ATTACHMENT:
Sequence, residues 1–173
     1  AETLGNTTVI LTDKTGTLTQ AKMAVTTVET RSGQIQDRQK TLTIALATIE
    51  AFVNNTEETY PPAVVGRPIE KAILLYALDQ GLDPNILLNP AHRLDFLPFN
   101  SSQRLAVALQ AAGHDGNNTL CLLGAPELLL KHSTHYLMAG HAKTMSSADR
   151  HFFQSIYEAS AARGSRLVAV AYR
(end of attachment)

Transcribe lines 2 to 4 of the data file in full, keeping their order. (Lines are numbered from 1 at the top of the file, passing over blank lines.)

     1  AETLGNTTVI LTDKTGTLTQ AKMAVTTVET RSGQIQDRQK TLTIALATIE
    51  AFVNNTEETY PPAVVGRPIE KAILLYALDQ GLDPNILLNP AHRLDFLPFN
   101  SSQRLAVALQ AAGHDGNNTL CLLGAPELLL KHSTHYLMAG HAKTMSSADR